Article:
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New Pierce County system can sterilize 80,000 N95 masks a day

The new system will help combat the shortage of coronavirus supplies, particularly the N95 face masks, in Washington state.

CAMP MURRAY, Wash. — As the novel coronavirus (COVID-19) continues to spread throughout the country, many states are struggling with a shortage of supplies and medical masks.

Health care workers have reported having to reuse the same masks several times, or even having to share masks in some cases.

To fight the shortage of personal protective equipment (PPE), Ohio-based company Battelle donated one of its Critical Care Decontamination Systems (CCDS) to Washington state.

The system can sanitize around 80,000 N95 respirator masks per day so they can be reused by health care workers on the front lines.

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The masks are sanitized by using concentrated, vapor-phase hydrogen peroxide. The masks are gassed for two and a half hours to destroy bacteria, viruses, and contaminants.

Battelle received an emergency go-ahead from the U.S. Food and Drug Administration over the weekend to deploy its decontamination system for PPE.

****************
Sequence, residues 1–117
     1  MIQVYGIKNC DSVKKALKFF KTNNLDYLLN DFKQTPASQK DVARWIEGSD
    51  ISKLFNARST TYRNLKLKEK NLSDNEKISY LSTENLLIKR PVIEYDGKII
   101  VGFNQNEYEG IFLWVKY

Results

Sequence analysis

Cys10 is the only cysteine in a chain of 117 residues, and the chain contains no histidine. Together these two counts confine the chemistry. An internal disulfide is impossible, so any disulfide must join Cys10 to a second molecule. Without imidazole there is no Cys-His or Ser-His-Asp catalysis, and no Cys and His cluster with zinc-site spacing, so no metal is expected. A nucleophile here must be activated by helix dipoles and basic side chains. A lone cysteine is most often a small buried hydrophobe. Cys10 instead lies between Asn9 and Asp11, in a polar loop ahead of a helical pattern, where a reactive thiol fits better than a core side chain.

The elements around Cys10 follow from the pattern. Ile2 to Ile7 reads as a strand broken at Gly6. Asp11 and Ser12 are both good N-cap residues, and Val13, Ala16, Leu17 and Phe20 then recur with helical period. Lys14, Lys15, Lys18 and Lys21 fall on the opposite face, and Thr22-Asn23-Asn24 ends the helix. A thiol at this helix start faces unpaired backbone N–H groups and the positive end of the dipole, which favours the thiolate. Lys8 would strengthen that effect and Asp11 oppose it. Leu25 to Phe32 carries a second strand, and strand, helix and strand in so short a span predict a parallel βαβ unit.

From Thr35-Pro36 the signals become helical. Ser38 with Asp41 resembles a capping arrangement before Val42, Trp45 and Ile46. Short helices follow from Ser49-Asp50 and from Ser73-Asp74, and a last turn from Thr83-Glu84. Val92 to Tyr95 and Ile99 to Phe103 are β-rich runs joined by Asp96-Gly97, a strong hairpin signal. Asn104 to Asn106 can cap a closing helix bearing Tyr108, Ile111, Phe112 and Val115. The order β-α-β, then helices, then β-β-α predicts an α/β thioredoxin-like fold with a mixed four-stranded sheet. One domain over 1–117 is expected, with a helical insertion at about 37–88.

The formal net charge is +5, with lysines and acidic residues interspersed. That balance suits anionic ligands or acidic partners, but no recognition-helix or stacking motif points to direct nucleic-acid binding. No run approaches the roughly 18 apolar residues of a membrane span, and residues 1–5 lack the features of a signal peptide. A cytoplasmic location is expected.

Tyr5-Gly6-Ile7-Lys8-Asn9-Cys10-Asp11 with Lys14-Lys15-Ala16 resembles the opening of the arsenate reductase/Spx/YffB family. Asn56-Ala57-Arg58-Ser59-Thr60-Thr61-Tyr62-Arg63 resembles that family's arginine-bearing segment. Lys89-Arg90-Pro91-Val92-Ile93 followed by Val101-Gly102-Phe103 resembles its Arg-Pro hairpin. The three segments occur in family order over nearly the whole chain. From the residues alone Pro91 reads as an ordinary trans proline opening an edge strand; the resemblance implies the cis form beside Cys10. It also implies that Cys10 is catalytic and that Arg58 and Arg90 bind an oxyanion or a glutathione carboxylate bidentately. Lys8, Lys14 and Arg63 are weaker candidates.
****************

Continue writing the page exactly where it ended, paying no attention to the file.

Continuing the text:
The Washington Emergency Management Division said the CCDS underwent a dry run test on Monday and is “expected to be operational to clean used N95 masks this week.”

While the system will be installed at Camp Murray near Joint Base Lewis-McChord in Pierce County, the sanitized masks will be distributed statewide.

Emergency management said hospitals are responsible for shipping used PPE to Camp Murray and picking up sanitized PPE.

RELATED: Washington nurses want answers about protective equipment shortfalls

Washington state is just the third location across the nation to receive the new technology. The CCDS will be installed in the coming days.

You can learn more about the technology here.

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